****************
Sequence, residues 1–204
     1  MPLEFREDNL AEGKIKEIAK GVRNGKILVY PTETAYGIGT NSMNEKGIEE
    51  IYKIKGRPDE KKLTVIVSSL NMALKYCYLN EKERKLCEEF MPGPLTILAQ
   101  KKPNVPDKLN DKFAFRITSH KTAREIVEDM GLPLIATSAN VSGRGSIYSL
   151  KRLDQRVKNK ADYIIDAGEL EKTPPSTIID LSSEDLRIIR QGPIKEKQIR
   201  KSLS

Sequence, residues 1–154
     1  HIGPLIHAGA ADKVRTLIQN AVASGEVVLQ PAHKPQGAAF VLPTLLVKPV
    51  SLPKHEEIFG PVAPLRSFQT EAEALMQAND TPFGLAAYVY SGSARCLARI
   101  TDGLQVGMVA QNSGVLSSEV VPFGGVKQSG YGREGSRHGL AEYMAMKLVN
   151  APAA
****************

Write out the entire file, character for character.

Sequence, residues 1–204
     1  MPLEFREDNL AEGKIKEIAK GVRNGKILVY PTETAYGIGT NSMNEKGIEE
    51  IYKIKGRPDE KKLTVIVSSL NMALKYCYLN EKERKLCEEF MPGPLTILAQ
   101  KKPNVPDKLN DKFAFRITSH KTAREIVEDM GLPLIATSAN VSGRGSIYSL
   151  KRLDQRVKNK ADYIIDAGEL EKTPPSTIID LSSEDLRIIR QGPIKEKQIR
   201  KSLS

Sequence, residues 1–154
     1  HIGPLIHAGA ADKVRTLIQN AVASGEVVLQ PAHKPQGAAF VLPTLLVKPV
    51  SLPKHEEIFG PVAPLRSFQT EAEALMQAND TPFGLAAYVY SGSARCLARI
   101  TDGLQVGMVA QNSGVLSSEV VPFGGVKQSG YGREGSRHGL AEYMAMKLVN
   151  APAA